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Wells Fargo Pounds the Table on These 2 Energy Stocks

In Business
June 11, 2024

At the end of April, natural gas prices at Henry Hub reversed a three-month dip and started heading up again. As a result, natural gas futures prices are now back at the same levels seen at the beginning of this year. The shift in price has triggered a shift in stance, as well. The prospect of stronger pricing and profits, amid a surge in demand, has attracted a round of investor interest in energy stocks.

Covering the energy sector for Wells Fargo, 5-star analyst Michael Blum looks at multiple reasons for taking a bullish view of the energy industry – and he comes down to a simple conclusion: “We see continued multiple expansion for natural gas midstream stocks driven by growing gas demand supported by AI, re-shoring, LNG, etc.“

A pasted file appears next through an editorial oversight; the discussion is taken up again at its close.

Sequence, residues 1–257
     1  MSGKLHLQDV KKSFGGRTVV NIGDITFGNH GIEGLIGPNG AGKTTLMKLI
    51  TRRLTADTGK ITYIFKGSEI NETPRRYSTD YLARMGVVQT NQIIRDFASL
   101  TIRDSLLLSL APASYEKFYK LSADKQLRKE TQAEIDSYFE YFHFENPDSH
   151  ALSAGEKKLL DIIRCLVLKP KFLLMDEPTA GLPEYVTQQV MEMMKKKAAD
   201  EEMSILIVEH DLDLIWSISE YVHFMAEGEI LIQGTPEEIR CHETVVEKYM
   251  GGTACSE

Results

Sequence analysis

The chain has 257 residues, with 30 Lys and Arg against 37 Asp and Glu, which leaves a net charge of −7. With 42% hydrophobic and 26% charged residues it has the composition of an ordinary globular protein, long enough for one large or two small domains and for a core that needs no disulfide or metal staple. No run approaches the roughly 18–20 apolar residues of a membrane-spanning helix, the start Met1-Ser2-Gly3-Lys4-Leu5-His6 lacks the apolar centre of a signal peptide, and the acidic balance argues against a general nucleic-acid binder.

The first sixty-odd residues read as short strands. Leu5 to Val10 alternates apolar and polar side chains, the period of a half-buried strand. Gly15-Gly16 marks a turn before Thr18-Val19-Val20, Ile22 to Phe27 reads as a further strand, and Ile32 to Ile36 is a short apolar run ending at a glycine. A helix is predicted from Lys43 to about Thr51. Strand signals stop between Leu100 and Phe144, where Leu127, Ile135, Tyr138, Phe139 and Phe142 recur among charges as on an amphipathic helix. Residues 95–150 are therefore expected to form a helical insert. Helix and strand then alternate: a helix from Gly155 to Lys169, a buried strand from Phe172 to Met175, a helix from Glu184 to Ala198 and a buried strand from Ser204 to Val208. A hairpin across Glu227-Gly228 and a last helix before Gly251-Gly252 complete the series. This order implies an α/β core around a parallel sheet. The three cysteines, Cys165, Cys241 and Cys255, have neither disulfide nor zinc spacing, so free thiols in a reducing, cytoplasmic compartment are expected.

Blum elaborates further, emphasizing, “Investors typically view midstream capex negatively after having lived through a period of disappointing returns. However, investor psychology on capex could change (at least for natural gas names). As ROIC increases and investors become more comfortable with the visibility of future returns (e.g. tied to data center demand), we believe growth (and capex) could be viewed favorably again. Higher growth rates typically tend to support higher EV/EBITDA multiples.”

Against this backdrop, the Wells Fargo analysts, Blum and his colleagues, are telling investors to pull the trigger on two natural gas midstream stocks in particular. We ran these tickers through the TipRanks database to see what other Street experts make of their prospects.

The Williams Companies (WMB)

We’ll start with Williams Companies, a $50 billion name in the natural gas midstream business. The company got started back in 1908, building pipelines for the expanding petroleum industry. Today, Williams owns and operates a continent-ranging network of natural gas assets, including gathering and storage facilities, pipelines, and processing plants.